Hernandez creates own 'Kirk Gibson moment'
Mets' infielder swats homer one pitch after breaking bone in foot
NEW YORK -- Limping around the bases, seemingly poised to topple over at any moment, Luis Hernandez was the picture of some bygone postseason hero.
Moments earlier, Hernandez had hit a home run off one of the best starters in the National League. And yet he could barely stand.
One pitch after fouling a Tim Hudson sinker off his right foot, breaking a bone and -- following a lengthy chat with assistant trainer Mike Herbst -- opting to stay in Saturday's 4-2 loss to the Braves, Hernandez clubbed a nearly identical pitch into the right-field stands for a homer.
"It was his Kirk Gibson moment," Hudson said.
It was, in short, inconceivable. Leading off the fifth inning, Hernandez -- he of two career home runs -- fouled a 1-0 sinker off his foot and immediately doubled over in pain. Herbst knew that Hernandez was hurting. Mets manager Jerry Manuel knew it, too. Standing in the dugout, shortstop Jose Reyes thought to himself, "Oh man, that's not good."
And yet somehow, perhaps against everyone's better judgment, Hernandez convinced Herbst to allow him to stay in the game. So, gingerly, the 26-year-old utility infielder dug into the batter's box, dropped the bat head on another Hudson sinker and redirected it over the wall.
Then, triggering memories of Gibson's famous lap in the 1988 World Series, he limped around the bases in both obvious and severe pain.
"That was something special," said Mets starter Dillon Gee. "It looked like it hurt from where I was sitting."
"He ran the bases like it was broken, there's no question about that," Hudson said. "He hit it good. I've got to tip my cap to him. I can't believe he hit it, to be honest with you, considering the shape that his foot was in. Good for him."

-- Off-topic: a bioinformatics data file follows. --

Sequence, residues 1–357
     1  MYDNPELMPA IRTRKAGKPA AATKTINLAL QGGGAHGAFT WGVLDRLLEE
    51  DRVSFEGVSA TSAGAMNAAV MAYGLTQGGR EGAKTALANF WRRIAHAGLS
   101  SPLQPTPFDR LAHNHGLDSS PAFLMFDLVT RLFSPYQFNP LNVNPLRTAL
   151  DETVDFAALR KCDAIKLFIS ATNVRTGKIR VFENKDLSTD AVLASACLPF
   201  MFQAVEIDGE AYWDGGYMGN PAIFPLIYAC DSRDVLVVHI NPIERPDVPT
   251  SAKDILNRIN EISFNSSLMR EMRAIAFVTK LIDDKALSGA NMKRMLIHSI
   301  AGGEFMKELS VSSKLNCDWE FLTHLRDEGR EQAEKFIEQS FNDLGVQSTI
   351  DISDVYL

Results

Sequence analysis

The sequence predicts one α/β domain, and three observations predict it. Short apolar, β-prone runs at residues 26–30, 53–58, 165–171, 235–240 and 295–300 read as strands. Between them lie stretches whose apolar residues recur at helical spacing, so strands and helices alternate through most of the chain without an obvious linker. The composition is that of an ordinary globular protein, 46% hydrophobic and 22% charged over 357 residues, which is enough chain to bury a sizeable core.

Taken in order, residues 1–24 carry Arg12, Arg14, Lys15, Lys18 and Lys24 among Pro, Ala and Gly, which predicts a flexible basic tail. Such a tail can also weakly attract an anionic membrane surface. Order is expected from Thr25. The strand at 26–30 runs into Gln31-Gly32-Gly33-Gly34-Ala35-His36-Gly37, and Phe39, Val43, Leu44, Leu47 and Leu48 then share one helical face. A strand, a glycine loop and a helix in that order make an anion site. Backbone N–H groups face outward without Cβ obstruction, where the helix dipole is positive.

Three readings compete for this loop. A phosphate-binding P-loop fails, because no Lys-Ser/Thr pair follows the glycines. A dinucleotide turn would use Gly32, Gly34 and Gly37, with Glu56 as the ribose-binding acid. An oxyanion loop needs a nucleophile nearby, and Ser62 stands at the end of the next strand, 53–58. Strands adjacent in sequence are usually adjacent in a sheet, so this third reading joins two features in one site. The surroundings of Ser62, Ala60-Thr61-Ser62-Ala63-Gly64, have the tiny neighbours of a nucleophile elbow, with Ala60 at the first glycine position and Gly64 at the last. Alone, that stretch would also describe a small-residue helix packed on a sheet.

Moments later, the Mets, realizing the extent of his injury, removed Hernandez from the game. X-rays revealed that he had broken his foot, and so the Mets rushed Hernandez to the Hospital for Special Surgery in Manhattan. He was not available to discuss his injury, leaving his teammates to explain their bizarre mixed feelings of wonderment and worry.
"When he was running from home plate to first place, that was a little bit ugly," Reyes said. "That's kind of tough to see, but I wish all the best for him."
Given an opportunity earlier this month to play nearly every day at second base, Hernandez struggled over the first half of September, dropping his average from .273 to .238. As a result, he had begun to lose playing time to rookie Ruben Tejada and, to a lesser extent, Joaquin Arias.
But ever since the Mets recalled Hernandez from Triple-A Buffalo back in late August, Manuel has been one of the infielder's staunchest supporters. And so Hernandez has continued to receive steady playing time and steady accolades, even amongst a crowded infield.
With a broken foot, however, his season is now almost certainly complete.
But Hernandez could hardly have scripted a more dramatic way to end it.
"Poor Luis, I felt sorry for him," said Braves manager Bobby Cox. "Even when they put him back out there, it looked like he could hardly stand up. That's coming through."